November 1994: The 1994 midterm elections are a disaster for incumbent Democrats, especially in the House. For the first time in 40 years, Republicans take control of the chamber. They are propelled in part by support from the NRA, which is incensed by the passage of the assault weapons ban and campaigns against high-ranking Democrats that had supported the legislation, including Speaker of the House Thomas Foley and Chairman of the House Judiciary Committee Jack Brooks, emphasizing their support of the assault weapons ban as their most disqualifying feature. Both lost their seats.
In the aftermath of the Democratic whomping, the narrative is that the gun lobby secured the election for the Republican party. This assertion is touted by both Republican winners and bruised Democrats. “The NRA is the reason the Republicans control the House,” President Clinton declares after the election.
The perception that the NRA was the deciding factor in swaying the election for Republicans has since been largely debunked, but the belief that the gun group can decide elections remains widespread.
[image courtesy of Business Insider]
Spring 1995: Despite the boost in the NRA’s perceived power, the group is bleeding members and funding. Executive Vice President Wayne LaPierre tries to resuscitate the organization with a provocative fundraising letter in which he calls agents for the Department of Alcohol, Tobacco, Firearms, and Explosives “jack-booted thugs,” in light of their confrontation with extremists at Waco and Ruby Ridge. Six days after LaPierre releases his letter, Timothy McVeigh bombs a federal office building in Oklahoma City.
The letter goes too far for former President George H.W. Bush, an avid hunter and lifelong NRA member, who responds by quitting the organization in a public letter published in the New York Times. “Your broadside against Federal agents deeply offends my own sense of decency and honor, and it offends my concept of service to country,” he writes.
Ignoring this high-profile reprimand, LaPierre stands by his condemnation of the ATF, presaging the evolution of a Republican party that has little room for gun moderates like Bush.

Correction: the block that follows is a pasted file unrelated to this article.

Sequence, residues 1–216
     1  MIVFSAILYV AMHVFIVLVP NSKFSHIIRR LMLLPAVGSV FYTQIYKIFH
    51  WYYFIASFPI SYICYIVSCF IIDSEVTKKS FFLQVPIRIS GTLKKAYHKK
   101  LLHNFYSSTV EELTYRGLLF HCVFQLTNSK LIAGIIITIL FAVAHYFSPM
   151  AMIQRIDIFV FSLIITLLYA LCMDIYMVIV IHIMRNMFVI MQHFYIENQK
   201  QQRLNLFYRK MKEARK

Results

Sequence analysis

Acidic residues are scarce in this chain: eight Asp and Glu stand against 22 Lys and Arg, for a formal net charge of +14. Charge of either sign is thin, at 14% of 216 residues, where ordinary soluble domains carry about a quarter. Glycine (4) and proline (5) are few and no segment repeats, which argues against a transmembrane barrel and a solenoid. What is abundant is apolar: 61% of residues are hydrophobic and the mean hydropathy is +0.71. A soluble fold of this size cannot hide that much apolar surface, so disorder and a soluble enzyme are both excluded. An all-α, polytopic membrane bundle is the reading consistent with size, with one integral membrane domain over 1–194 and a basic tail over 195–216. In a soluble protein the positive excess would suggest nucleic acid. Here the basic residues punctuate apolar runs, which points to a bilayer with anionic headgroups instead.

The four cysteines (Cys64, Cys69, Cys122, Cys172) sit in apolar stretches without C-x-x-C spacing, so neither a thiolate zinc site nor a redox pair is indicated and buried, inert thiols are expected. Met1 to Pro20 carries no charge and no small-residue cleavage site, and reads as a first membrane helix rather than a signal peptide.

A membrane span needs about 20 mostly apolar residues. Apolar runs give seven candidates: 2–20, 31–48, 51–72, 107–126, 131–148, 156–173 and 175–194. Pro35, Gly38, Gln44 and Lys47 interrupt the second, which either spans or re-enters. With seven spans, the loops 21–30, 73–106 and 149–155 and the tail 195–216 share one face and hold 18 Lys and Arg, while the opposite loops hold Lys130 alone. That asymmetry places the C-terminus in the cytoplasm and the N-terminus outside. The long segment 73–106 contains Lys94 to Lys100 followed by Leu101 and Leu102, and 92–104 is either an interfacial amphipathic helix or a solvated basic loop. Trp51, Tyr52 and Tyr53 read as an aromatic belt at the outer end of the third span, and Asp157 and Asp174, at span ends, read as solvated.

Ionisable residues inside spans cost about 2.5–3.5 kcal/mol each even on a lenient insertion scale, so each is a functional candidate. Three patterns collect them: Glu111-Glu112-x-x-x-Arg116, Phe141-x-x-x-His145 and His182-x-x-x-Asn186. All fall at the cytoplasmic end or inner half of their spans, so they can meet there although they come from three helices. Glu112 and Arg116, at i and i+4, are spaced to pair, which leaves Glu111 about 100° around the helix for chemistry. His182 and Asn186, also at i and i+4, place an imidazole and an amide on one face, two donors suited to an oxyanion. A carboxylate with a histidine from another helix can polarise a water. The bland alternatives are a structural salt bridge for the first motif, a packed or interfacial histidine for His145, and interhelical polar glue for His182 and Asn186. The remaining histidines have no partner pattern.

November 2000: The NRA calls the 2000 presidential election the most important contest in 20 years, and hitches itself to the second member of the Bush dynasty to secure the Republican nomination in unprecedented fashion. A high-ranking NRA official is captured on camera telling a roomful of supporters that, should George W. Bush ascend to the White House, “We work out of their office.” The NRA is among the Republican National Committee’s 10 largest donors for the year, placing it on the same tier as powerful corporate interests like Microsoft and Philip Morris.
Bush himself, seeking to attract centrist voters, tries to distance himself from the NRA. With the Republican nominee saying the NRA would not hold any special influence over him, the gun group exerts its power by launching relentless attacks on former ally Al Gore, who, as vice president, cast a tie-breaking vote in the Senate in 1999 to expand background checks. (The bill, which came in the wake of the Columbine shooting, would have closed the so-called gun show loophole, by which private sellers are not required to conduct background checks. The measure failed in the House.) The NRA devotes its annual meeting to Gore, describing the candidate as the country’s gravest existential threat to the gun rights movement. The NRA’s president, Charlton Heston, raises a replica colonial musket and directs a message at Gore: “From my cold, dead hands!” Gore loses his home state of Tennessee, and the election.
May 2001: As the NRA had predicted, it finds a friend in the administration of President George W. Bush. In early 2001, shortly after taking office, Attorney General John Ashcroft tells the NRA in a letter that he believes the Second Amendment protects gun rights for individuals, and that the Founding Fathers’ intentions belied the Supreme Court’s prevailing and more limited interpretation of the amendment.